Thanks Jason. They seem to have commenced in the late 18th Century, and particularly around the time of the Napoleonic Wars. Any idea as to why they are shown as squiggly lines, and where the idea came from?
grubas 12 | 1,392    
19 Feb 2013  #5

Is this what you talking about?From wiki:Distinguishing mark of the Polish soldier was also silver tubing on the collar: wide for the generals, slightly narrower for officers and narrow for private.Seems to be purely decorative and I think it looks good.



jasondmzk    
19 Feb 2013  #6

Is this what you're referring to?

Squiggles

Similar
OP Ozi Dan 26 | 569    
19 Feb 2013  #7

Thanks Jason and Grubas - exactly what I was talking about.

Jason, your photos show similar lines to the picture of my grand uncle from the 1920's, though his lines were a little shorter. Nice photos too mate - ancestors?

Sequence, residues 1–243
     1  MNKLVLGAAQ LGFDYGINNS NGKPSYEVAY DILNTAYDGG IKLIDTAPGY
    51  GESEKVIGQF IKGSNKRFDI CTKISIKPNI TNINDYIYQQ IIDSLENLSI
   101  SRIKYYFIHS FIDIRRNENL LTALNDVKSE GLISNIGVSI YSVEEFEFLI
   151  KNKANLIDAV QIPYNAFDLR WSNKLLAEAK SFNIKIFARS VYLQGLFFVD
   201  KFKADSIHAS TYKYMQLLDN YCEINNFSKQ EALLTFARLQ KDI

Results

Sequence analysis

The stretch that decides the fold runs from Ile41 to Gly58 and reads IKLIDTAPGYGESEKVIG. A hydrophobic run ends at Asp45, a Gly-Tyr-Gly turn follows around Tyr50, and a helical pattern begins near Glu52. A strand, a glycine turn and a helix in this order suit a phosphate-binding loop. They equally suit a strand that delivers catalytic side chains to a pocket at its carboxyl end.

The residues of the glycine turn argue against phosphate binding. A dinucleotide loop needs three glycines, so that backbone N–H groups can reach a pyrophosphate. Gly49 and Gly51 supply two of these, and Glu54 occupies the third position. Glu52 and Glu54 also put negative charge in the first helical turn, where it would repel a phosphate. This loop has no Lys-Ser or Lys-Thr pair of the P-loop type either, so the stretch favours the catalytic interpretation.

Grubas, yours show the thicker bar,which I suspect is far more modern. Sometimes the bar is hollow, with further lines/scrollwork within that hollow section.

Any idea as to who came up with these and why they appear as they do?

Thanks guys.
grubas 12 | 1,392    
19 Feb 2013  #8

Thanks Jason and Grubas - exactly what I was talking about.

No problem dude.The color of the collar indicated branch of army.

Grubas, yours show the thicker bar,which I suspect is far more modern. Sometimes the bar is hollow, with further lines/scrollwork within that hollow section.

They were slightly changing between 1919 and 1939.Here is link to Wiki:
pl.wikipedia.org/wiki/Barwy_broni_i_s%C5%82u%C5%BCb_Wojska_Polskiego_II_RP
jasondmzk    
19 Feb 2013  #9